Photograph courtesy Courtney Morgans, UNSW
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Pacific leaping blenny.
Photograph courtesy Courtney Morgans, UNSW

How "Walking" Fish Made the Leap From Ocean to Land

There's a reason why this fish loves dry land instead of water.

The Pacific leaping blenny (Alticus arnoldorum) is a fish out of water. The legless land fish makes its home on the intertidal rocks on the island of Guam (map), and new research shows how this strange fish was able to make the leap from stealthy swimmer to landlubber.

The two- to three-inch (four- to eight-centimeter) blenny does everything on land, from finding its steady diet of algae and detritus to mating and nesting. Its love of dry land is perhaps best reflected in how it escapes from threats like predators or researchers trying to trap it. (Related: “Pictures: ‘Walking’ Fish a Model of Evolution in Action.”)

This "Walking" Fish Has Scientists Stumped

“They actually don’t retreat into the water. Instead, they hop across the rocks and try to hide in rock holes and crevices. Their body shape has changed just enough to make them poor swimmers, so it’s better for them to try and find a hiding place on land,” said Terry Ord, an ecologist at the University of New South Wales in Australia and co-author of the new study in Animal Behaviour.

One of the keys to the blenny’s success on land is camouflage: The fish’s brown, mottled skin blends in with the intertidal rocks, allowing it to escape predators like birds and crabs.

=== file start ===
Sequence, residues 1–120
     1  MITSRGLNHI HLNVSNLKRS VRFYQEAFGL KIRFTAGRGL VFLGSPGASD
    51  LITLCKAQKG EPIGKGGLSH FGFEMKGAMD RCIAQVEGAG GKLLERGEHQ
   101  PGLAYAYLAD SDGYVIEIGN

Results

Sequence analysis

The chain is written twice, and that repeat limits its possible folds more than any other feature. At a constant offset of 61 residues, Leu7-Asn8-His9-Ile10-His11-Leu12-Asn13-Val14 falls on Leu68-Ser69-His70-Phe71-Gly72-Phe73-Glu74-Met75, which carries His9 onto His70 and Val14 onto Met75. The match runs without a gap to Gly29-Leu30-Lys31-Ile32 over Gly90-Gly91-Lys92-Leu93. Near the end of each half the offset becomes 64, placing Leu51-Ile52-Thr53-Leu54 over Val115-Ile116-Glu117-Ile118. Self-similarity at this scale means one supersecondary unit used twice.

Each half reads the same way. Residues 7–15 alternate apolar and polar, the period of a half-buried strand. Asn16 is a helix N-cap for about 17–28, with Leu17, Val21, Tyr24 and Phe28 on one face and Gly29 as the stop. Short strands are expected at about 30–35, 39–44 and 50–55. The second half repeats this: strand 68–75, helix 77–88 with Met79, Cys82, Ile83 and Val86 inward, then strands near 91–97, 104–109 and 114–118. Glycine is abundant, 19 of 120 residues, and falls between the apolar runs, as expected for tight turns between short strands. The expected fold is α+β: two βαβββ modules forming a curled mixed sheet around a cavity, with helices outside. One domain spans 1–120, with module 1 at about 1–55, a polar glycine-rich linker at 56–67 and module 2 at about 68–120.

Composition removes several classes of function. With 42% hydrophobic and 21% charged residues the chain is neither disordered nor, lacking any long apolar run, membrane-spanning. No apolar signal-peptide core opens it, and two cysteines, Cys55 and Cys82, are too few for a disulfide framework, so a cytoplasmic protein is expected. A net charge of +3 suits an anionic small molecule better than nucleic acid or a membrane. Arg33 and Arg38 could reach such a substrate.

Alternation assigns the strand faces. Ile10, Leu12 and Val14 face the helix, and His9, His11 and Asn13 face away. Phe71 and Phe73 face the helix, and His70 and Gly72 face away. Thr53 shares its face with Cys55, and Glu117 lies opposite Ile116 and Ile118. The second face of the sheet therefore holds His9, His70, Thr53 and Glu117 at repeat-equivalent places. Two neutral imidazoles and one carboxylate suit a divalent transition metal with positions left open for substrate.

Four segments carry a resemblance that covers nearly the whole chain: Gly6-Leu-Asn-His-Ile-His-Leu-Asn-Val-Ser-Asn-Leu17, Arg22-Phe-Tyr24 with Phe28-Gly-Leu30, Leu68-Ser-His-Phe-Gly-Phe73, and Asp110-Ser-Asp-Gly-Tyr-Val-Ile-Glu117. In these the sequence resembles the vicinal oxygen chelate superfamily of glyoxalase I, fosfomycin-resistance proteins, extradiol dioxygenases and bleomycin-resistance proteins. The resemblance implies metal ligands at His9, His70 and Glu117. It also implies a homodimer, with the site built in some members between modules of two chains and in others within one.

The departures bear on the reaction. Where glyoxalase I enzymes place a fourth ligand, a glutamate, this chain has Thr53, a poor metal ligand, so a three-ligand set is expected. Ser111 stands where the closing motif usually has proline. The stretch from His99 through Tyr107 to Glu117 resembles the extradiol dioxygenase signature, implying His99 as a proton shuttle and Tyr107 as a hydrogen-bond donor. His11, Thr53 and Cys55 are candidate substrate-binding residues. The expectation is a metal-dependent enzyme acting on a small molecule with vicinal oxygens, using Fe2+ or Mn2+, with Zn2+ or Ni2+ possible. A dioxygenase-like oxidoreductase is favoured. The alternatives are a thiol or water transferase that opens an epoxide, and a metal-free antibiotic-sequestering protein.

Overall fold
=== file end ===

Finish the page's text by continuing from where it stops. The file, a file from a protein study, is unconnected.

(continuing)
Animals can use a variety of techniques to keep from being eaten, but one of the most common is being invisible. In recent experiments, Ord and UNSW colleague Courtney Morgans compared the color of five different populations of blennies around Guam to the rocks on which they lived. In each case, the two colors were nearly identical, which was a strong hint that the blennies were blending in to the surrounding environment to hide from predators.

To test this hypothesis, Ord and Morgans constructed life-size clay models of blennies. They placed a bunch of these models either on the rocks (where they would blend in almost perfectly) or on a sandy beach (where their coloring would make them stand out). (See “Two New ‘Walking’ Batfish Species Found.”)

After several days, the researchers collected the models and recorded how often the blennies had been attacked by lizards, birds, and crabs by counting the bite marks and other wounds in the clay. The more obvious models on the sand had significantly more bites than the models on the rocks.

Evolutionary Snapshot

Animals first left the oceans for dry land nearly 400 million years ago, at the end of the Devonian period. Understanding how animals made this move will provide tremendous insights into the evolution of life on land, Ord said.

But since only fossils remain of these pioneering life-forms, scientists can’t watch these animals in action. But they can study another species making a similar transition, the blennies, to learn how animals made the switch to land. (See pictures: “Nine Fish With ‘Hands’ Found to Be New Species.”)

“The blennies were probably reasonably well camouflaged when they first emerged from the water—at least enough to let them survive long enough to reproduce and adapt,” Ord said.

Besides camouflage, the blenny’s fish ancestor had to make some other major adaptations, like figuring out how to move on rocks instead of just swimming, and how to breathe air instead of getting oxygen from the water. (Related: “Fish Lives in Logs, Breathing Air, for Months at a Time.”)

Although Ord still isn’t sure exactly when the blennies began their move from sea to land, he knows it was later than the Devonian.

“These blennies provide an evolutionary snapshot of the colonization of land,” Ord said.

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